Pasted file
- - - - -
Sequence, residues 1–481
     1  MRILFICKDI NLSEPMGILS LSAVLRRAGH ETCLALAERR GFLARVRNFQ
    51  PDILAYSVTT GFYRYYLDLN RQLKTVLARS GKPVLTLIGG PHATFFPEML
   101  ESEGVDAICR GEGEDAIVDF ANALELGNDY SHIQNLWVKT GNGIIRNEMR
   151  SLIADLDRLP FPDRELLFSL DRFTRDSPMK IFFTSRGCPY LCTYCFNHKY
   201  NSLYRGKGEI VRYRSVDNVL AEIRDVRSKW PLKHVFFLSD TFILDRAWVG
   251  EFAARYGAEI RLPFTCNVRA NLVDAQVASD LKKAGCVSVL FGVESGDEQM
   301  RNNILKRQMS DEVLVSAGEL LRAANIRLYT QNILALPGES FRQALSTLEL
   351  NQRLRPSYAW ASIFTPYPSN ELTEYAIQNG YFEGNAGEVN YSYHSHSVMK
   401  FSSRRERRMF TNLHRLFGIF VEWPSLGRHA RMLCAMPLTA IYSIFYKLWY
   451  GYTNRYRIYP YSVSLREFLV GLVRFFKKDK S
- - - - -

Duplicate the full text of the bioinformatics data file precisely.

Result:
Sequence, residues 1–481
     1  MRILFICKDI NLSEPMGILS LSAVLRRAGH ETCLALAERR GFLARVRNFQ
    51  PDILAYSVTT GFYRYYLDLN RQLKTVLARS GKPVLTLIGG PHATFFPEML
   101  ESEGVDAICR GEGEDAIVDF ANALELGNDY SHIQNLWVKT GNGIIRNEMR
   151  SLIADLDRLP FPDRELLFSL DRFTRDSPMK IFFTSRGCPY LCTYCFNHKY
   201  NSLYRGKGEI VRYRSVDNVL AEIRDVRSKW PLKHVFFLSD TFILDRAWVG
   251  EFAARYGAEI RLPFTCNVRA NLVDAQVASD LKKAGCVSVL FGVESGDEQM
   301  RNNILKRQMS DEVLVSAGEL LRAANIRLYT QNILALPGES FRQALSTLEL
   351  NQRLRPSYAW ASIFTPYPSN ELTEYAIQNG YFEGNAGEVN YSYHSHSVMK
   401  FSSRRERRMF TNLHRLFGIF VEWPSLGRHA RMLCAMPLTA IYSIFYKLWY
   451  GYTNRYRIYP YSVSLREFLV GLVRFFKKDK S